Continued from page 2
Augmented Reality and Computer Vision: Impacts on BIM
One of the fruits of the advanced research team’s efforts in the recent past has been Vectorworks’s AR (augmented reality) features. Dr. Sarkar feels the debate about VR versus AR isn’t particularly useful because both are important leading-edge technologies with much forward-looking potential.
“Immersive experiences will always be important,” says Sarkar, noting that VR isn’t something that goes away because of AR, “but AR adds a valuable way to convey ideas.” Also, Dr. Sarkar acknowledged that AR perhaps adds more value to the construction side of AEC than on the design side. “People will be using AR more for the construction and facilities maintenance part of a building’s lifecycle.”
With that suggestion, I asked Dr. Sarkar to weigh in on the sensor and 3D photography-based robots emerging on job sites, like Doxel’s technology. In particular, if drones and bots can effectively “see intelligently” and evaluate real-life buildings, what needs to happen to BIM models in order to advance those types of operations?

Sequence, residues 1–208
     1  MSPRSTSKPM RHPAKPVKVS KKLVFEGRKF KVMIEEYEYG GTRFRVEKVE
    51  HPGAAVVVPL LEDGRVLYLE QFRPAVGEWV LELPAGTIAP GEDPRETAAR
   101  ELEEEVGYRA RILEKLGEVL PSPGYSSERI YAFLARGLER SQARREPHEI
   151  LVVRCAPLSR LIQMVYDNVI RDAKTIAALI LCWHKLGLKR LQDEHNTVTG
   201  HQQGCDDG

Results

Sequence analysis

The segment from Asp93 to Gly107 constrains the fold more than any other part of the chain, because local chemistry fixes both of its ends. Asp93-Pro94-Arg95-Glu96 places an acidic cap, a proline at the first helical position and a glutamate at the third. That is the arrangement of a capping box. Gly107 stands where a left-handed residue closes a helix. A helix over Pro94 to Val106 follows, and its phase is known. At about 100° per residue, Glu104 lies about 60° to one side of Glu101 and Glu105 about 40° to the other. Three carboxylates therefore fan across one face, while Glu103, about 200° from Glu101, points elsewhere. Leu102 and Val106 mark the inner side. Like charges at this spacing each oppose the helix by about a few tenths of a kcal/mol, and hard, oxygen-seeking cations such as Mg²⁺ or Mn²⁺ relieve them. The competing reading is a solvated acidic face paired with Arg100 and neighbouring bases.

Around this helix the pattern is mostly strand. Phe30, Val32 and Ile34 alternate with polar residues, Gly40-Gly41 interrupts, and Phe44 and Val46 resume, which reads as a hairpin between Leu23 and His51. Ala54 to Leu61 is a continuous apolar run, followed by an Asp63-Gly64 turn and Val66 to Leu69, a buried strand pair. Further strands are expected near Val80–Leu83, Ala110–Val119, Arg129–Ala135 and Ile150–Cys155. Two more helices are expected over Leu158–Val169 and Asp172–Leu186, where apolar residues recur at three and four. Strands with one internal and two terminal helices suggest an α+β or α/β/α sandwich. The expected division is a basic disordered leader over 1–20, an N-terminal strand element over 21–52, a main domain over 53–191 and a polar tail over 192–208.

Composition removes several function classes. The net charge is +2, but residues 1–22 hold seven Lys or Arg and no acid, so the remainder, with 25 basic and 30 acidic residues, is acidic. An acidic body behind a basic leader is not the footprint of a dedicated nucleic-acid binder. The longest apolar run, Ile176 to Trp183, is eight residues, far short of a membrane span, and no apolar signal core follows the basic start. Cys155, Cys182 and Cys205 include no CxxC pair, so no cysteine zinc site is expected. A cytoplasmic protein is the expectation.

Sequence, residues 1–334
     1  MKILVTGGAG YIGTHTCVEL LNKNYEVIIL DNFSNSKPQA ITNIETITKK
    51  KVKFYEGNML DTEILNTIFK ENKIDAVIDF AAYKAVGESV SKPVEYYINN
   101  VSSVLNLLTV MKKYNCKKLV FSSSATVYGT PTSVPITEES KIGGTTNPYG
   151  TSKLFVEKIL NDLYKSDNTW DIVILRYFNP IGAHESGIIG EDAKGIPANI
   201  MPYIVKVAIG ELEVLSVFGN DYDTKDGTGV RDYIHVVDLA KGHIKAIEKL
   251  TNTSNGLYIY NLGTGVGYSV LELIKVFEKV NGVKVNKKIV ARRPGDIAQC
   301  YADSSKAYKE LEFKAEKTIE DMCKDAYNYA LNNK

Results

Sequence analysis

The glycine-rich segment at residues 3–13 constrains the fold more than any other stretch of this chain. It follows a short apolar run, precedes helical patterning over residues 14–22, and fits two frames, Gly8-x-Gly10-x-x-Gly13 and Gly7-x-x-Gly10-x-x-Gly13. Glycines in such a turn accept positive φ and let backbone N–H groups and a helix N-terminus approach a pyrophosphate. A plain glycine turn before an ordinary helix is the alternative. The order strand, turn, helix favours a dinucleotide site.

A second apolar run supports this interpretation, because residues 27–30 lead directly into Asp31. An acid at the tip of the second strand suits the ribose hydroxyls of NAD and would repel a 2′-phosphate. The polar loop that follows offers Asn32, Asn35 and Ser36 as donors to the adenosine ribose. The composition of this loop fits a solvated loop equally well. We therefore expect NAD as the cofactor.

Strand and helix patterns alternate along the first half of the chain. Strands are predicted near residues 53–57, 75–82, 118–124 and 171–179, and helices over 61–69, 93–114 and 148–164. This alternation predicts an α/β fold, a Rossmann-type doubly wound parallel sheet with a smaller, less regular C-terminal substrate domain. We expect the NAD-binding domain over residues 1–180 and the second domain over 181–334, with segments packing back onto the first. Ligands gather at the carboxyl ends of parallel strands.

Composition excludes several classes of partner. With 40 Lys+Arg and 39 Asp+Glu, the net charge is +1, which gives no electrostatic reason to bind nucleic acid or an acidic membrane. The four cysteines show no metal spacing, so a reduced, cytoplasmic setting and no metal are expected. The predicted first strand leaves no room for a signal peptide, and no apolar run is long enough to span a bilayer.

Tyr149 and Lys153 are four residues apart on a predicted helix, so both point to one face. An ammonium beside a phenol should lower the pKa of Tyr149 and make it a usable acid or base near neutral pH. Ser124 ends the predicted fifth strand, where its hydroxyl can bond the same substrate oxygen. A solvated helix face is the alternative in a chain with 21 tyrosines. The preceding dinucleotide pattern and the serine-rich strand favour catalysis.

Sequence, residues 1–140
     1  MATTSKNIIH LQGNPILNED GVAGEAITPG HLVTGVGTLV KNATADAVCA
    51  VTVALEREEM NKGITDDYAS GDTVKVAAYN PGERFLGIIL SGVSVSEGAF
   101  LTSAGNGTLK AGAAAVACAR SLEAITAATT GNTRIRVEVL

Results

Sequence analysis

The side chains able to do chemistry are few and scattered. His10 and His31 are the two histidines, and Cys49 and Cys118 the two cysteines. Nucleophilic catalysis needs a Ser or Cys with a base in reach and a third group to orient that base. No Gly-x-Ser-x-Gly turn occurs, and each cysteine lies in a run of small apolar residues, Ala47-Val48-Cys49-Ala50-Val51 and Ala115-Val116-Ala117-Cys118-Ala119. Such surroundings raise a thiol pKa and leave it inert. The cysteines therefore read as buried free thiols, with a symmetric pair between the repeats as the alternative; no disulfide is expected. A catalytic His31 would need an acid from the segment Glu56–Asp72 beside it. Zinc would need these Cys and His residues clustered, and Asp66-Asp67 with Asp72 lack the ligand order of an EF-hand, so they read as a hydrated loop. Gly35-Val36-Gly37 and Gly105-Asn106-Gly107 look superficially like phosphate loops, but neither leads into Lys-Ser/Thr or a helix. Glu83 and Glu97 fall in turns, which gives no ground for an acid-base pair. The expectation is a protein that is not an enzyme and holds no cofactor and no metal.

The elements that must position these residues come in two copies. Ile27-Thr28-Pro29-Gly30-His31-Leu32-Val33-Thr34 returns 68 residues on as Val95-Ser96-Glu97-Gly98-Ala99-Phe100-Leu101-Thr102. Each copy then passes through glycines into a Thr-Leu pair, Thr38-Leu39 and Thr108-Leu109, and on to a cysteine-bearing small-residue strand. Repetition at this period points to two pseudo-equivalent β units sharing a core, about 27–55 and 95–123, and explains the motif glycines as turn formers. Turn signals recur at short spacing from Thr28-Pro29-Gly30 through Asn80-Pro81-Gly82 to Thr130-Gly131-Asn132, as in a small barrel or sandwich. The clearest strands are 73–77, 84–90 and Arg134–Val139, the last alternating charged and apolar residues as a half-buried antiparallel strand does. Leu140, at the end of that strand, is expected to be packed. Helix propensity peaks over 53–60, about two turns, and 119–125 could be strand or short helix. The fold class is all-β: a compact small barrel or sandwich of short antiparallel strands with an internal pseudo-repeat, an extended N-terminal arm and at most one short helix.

Our next logical step is to capture real-world data and convert it into models.
“The data that resides in today’s BIM models is kind of static,” Dr. Sarkar explains, “we will need to have some kind of dynamic data attached to building elements that you can query.” He noted that he is a big fan of RFID (radio-frequency identification) tagging and if this RFID data is attached to the BIM model then scanning devices can establish two-way communication with structure and BIM software. Indeed, such systems are similarly happening today, including the use of QR codes on building elements tied into CAFM (computer-aided facilities management) software.
The development of augmented reality (AR) systems is somewhat inseparable from computer vision advances and 3D camera technology. The same technology that reads your face for Apple’s FaceID system is fundamentally capable of reading a building under construction and understanding it in three-dimensions at accuracies up to 3 millimeters.
With advances in AR promising major leaps in user-experiences (UX) and how we interact with technology, Dr. Sarkar says Vectorworks is keeping a close eye on these developments, along with VR. “Our next logical step is to capture real-world data and convert it into models,” he says. In terms of the accuracy advancements made by both lasers and computer vision cameras and software, he says, “I think we are already there.”